It’s always difficult to distil a conference in a single post but just for the record some of my highlights were:

  • 3 female keynotes, sadly even in this day and age an all too rare occurrence
  • the enthusiasm and sharing of ideas and practice by the presenters and delegates
  • how conventional and risk averse we all are (students, staff, institutions, society) about risk taking and really changing educational paradigms (this was brilliantly encapsulated by Helen Keegan’s keynote – see this video for an overview )
  • pic’n’mix sweeties in the afternoon are a great idea at a conference.

So well done to David, Kenji, the sponsors and all the team for yet again pulling off another great event. I’ll be back next year, and hopefully at full tweeting strength.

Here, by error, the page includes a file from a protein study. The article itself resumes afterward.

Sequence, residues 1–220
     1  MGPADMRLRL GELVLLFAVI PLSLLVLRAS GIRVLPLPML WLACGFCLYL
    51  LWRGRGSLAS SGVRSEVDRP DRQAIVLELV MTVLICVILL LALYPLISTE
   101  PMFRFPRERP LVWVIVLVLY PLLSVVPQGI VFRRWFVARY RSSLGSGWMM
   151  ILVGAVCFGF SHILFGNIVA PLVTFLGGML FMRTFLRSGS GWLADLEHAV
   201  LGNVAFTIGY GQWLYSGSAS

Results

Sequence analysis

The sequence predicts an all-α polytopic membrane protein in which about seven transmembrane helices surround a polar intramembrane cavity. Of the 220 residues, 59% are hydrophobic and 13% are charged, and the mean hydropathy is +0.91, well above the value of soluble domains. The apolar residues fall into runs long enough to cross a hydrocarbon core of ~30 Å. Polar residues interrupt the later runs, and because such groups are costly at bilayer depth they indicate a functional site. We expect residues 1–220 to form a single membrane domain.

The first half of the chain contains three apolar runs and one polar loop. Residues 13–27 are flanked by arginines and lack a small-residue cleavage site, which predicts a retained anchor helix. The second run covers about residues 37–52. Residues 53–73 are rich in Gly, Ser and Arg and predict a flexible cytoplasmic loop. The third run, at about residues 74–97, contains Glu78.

The OER Research Hub: Revving up OER research

Open and education, they go hand in hand, a bit like bread and butter or fish and chips. For over a decade, the open education movement has been steadily making inroads into the collective conscious.  Through various global initiatives there is increasing evidence to illustrate that there is more than “just a feeling” that OER and open educational practice can have an impact on teaching and learning. 

Building in particular on the work of the OpenLearn, Bridge to Success and OLnet   projects, and other developments in the wider open education movement, the OER Research Hub is focused on gathering evidence around the positive impact of OER, and open practice in teaching and learning.

Funded by the William and Flora Hewlitt Foundation, the project provides: 

a focus for research, designed to give answers to the overall question ‘What is the impact of OER on learning and teaching practices?’ and identify the particular influence of openness. (